One of the most distressing news items I've read in a while.
The mother failed to resuscitate her drowned girl. Having spoken of euthanasia and murder-suicide, she now finds herself being investigated by the coroner to ascertain whether murder charges should be laid.
Rett girls have such severe swallowing problems that they often inhale liquids (and hence literally nearly drown with every meal). They lose purposeful hand function, communication, speech and often walking ability. And worst of all is the constant screaming as the anorexic Rett girl's brain continues to fail. Screaming doesn't mean only confusion or unhappiness. It surely means unbearable pain.
What kind of parent would *not* consider whether their child would be better off dead than live a life with Rett syndrome? At age 2, the worst is yet to come. Given the lack of help and resources in those early years (with the huge queues for help for all the autism spectrum disorders, Rett is just another waiting list entry), thoughts of euthanasia must come to everyone. The difference with this woman is that she spoke these thoughts aloud.
And so did I. To my partner, not to DOCS. Naturally enough, my partner reacted with horror and disgust. But he missed the point.
I didn't speak these thoughts aloud because I intended to act on them. In fact, I expressed them for the opposite reason: to make sure I *didn't*. Euthanasia was an impossible solution to an unbearable problem. Expressing it was simply expressing the impossibility of the predicament we and our girl were in.
It's a weird world if you're a carer. We've realised the hard way that what we do on a daily basis is virtually ignored by society (or even actively frowned on, such as when our child makes strange noises in public), yet if we make one slip, we'll know from cases like this one that we'll be studied forensically.
Meanwhile, looking back I can say that death couldn't possibly have been more painful for my girl than what she went through, and she went through it for many months. With death by drowning, it only happens once. With Rett girls' swallowing difficulties, drowning happens, or nearly happens, at every meal, to the point where they simply refuse to eat or drink at all.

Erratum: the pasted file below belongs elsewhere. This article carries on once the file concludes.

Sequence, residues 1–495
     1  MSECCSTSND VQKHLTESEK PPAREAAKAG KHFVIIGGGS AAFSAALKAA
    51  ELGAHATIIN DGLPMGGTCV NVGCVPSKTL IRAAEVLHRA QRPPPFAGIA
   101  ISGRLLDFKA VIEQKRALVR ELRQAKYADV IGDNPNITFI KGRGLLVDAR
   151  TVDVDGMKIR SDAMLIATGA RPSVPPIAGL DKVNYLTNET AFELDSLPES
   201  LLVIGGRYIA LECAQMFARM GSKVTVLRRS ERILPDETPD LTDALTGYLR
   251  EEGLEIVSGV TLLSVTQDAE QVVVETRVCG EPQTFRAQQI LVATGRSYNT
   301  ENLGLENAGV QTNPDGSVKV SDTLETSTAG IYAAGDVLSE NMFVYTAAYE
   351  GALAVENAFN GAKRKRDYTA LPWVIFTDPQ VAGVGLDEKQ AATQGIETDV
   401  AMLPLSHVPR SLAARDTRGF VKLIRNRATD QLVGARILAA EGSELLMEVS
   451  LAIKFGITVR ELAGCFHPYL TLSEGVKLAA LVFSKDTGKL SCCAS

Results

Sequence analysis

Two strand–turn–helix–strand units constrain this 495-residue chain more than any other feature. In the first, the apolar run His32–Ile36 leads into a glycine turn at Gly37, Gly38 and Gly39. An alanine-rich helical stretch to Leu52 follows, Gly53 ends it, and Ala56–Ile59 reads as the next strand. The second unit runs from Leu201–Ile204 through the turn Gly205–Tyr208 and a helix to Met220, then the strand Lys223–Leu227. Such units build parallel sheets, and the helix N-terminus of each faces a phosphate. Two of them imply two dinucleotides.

What kind of world would ask a mother to resuscitate a child to that kind of existence? Especially when conventional medicine has nothing to give in terms of treatment?
I don't know what I'd have done if my girl had fallen into the pool and drowned. If it happened today, I'd dive right in and give her mouth-to-mouth, no matter what. She enjoys being alive; she loves us; she's not in pain. Looking after her, however difficult, can be a joy. But if it had happened when she was going through her eighteen month long period of pain, anorexia, screaming, night-fits, head-banging, hand-banging, not drinking at all?
No, I can't answer that.
All I know is something causes autism. And given that not all Rett girls show the gene associated with it, and that Rett syndrome (like all the autisms) appears to be increasing from one in 15,000 to being the leading cause of severe intellectual disability in girls, I think it's fair to ask whether something similar contributes to Rett syndrome?
Addition: I just wanted to add that one of the hardest things with our girl has been to keep her away from water. She loves water; she'll do anything to get to it, and doesn't recognise the danger if it's deep. All it takes is one carelessly closed door...
In fact, any danger-zone seems an instant drawcard to her! I once had to rush out in my night-dress because my son admitted that he'd let her outside twenty minutes earlier... There she was, being carried around from door to door by a distressed-looking ute driver. She'd been found running circles on the highway!